An insider's view of the Connecticut dining scene
Nov 6, 2013
07:42 AM
The Connecticut Table

Serious Sandwiches With Style at Meat & Co. in New Haven

Serious Sandwiches With Style at Meat & Co. in New Haven

Mara Lavitt/New Haven Register

The Rick Reuben: pastrami or tongue or a little of each (brined on site), all-day sauce, Swiss cheese, cardamom, braised red cabbage.

New Haven is blessed with a number of inventive, young restaurateurs whose ideas for new restaurants can’t be contained in just one establishment. Their minds continue to work overtime, and the need to create additional culinary options has kept downtown and Ninth Square busy. John Ginnetti, acclaimed mixologist-owner of 116 Crown, is part of that hardworking group. His idea to start a pop-up sandwich shop became a reality when the small space next door to 116 Crown opened up, and Ginnetti and partner Bruce Ditman launched a brick-and-mortar version, called Meat & Co.

The name is classic Ginnetti, who delights in sophisticated wordplay. During a Thanksgiving dinner, etymology regarding food and eating establishments became a subject of discussion between Ginnetti and his aunt, longtime East Haven Latin teacher Antonia Ginnetti. The two Ginnettis talked about the word “company.” Ginnetti explains, “The origin was someone to break bread with. Then she gave me the history of ‘pantry’ and ‘companion,” leading to Ginnetti’s thoughts on “how food is what you gather around.” Then on to the two spellings of one word: “meat” as in food, “meet” as in meet up. When Ginnetti launched the sandwich shop, he flippd the “a” in the logo to reflect the variety of meanings on the word and the food.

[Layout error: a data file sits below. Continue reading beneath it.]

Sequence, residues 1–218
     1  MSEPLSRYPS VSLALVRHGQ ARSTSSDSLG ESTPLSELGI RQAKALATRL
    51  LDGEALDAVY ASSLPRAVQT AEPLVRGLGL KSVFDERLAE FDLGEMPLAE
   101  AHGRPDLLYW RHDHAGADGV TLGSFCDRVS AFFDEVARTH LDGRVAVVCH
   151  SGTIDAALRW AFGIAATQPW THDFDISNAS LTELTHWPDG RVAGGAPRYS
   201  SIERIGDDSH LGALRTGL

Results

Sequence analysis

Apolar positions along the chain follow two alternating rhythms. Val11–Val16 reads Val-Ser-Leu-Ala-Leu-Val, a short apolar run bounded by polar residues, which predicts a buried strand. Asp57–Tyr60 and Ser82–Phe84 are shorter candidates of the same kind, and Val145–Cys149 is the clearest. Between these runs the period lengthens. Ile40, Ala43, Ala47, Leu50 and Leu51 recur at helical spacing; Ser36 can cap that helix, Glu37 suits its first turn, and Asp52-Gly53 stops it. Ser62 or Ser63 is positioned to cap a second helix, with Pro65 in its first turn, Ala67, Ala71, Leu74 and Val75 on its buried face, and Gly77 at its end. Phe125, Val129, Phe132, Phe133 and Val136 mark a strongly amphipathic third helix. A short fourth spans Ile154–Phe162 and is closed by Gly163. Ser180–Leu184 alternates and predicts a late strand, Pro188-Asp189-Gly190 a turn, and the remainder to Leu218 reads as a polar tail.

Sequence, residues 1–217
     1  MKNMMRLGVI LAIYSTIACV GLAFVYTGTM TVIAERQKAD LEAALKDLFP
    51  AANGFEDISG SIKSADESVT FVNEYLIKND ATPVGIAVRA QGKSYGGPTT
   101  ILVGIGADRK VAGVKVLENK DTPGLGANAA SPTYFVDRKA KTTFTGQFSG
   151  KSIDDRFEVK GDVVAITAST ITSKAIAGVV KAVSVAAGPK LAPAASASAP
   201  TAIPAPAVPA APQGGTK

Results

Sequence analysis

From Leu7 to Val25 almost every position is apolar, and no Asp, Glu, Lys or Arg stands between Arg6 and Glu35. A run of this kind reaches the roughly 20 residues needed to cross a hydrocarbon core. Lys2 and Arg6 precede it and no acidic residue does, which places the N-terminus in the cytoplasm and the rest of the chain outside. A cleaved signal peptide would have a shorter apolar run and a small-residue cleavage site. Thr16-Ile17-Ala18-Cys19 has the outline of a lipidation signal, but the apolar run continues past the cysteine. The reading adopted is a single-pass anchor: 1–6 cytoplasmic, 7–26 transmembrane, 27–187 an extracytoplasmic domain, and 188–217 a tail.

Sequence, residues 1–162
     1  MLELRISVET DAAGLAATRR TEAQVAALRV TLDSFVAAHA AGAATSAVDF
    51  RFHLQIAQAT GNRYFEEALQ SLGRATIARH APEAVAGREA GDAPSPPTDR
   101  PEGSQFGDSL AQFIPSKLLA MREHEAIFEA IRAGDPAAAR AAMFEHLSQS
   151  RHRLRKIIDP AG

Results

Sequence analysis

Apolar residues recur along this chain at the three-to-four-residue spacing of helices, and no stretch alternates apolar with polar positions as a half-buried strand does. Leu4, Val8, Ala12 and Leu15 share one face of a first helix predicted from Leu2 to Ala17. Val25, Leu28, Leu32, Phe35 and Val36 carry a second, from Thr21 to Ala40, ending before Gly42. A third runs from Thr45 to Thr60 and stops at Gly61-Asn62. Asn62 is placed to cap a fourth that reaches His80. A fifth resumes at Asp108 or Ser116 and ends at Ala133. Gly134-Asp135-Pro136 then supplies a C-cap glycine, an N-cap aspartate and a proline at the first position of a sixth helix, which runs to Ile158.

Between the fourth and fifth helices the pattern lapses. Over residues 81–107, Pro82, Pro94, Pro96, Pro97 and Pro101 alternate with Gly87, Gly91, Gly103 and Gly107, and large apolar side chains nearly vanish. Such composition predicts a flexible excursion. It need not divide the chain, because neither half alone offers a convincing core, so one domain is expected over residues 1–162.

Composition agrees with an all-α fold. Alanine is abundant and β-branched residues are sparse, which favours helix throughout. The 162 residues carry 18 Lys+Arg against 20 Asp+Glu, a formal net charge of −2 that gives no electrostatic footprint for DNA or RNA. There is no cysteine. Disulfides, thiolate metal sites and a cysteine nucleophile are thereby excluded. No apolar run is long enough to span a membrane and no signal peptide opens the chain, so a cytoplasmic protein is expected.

For Ginnetti, it wasn’t just about a sandwich. The inference from the name Meat & Co. was about meat and bread meeting up with each other, being in each other’s company. And not just each other, “but meeting yourself for lunch, being able to just sit and think by yourself.” That was the impetus for having only counter seating inside (there are cafe tables outside in good weather). "We didn’t want people to feel they had to sit with someone else and have a conversation. Getting together with yourself over a sandwich for 20 minutes in the middle of the day is a nice way to revive. That’s why we started with just lunch. A respite, eating at your desk is not the same as coming to a sandwich counter, having Lou Reed in the background, get to watch people make sandwichs, just take five, meet your friends, sit side-by-side, or sit by yourself."

Above: The PLT: porchetta, arugula, tomato confit, paprika aioli.

he PLT: porchetta, arugula, tomato confit, paprika aioli.v

he PLT: porchetta, arugula, tomato confit, paprika aioli.

See the full story at the New Haven Register online.

Also see our recent story on the Connecticut trend of serious sandwiches being back 'big-time.'

Serious Sandwiches With Style at Meat & Co. in New Haven

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